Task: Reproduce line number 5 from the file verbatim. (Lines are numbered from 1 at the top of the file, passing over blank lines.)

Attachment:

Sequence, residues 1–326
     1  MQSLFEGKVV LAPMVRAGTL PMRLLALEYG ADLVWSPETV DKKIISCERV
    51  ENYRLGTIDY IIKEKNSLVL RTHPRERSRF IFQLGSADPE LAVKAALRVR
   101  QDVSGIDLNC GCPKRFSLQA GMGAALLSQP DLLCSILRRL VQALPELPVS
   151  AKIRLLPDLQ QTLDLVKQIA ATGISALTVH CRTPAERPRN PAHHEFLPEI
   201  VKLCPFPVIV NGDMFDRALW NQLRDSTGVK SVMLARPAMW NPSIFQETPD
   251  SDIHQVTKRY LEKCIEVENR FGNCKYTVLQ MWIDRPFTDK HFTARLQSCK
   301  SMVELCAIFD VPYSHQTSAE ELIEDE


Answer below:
   151  AKIRLLPDLQ QTLDLVKQIA ATGISALTVH CRTPAERPRN PAHHEFLPEI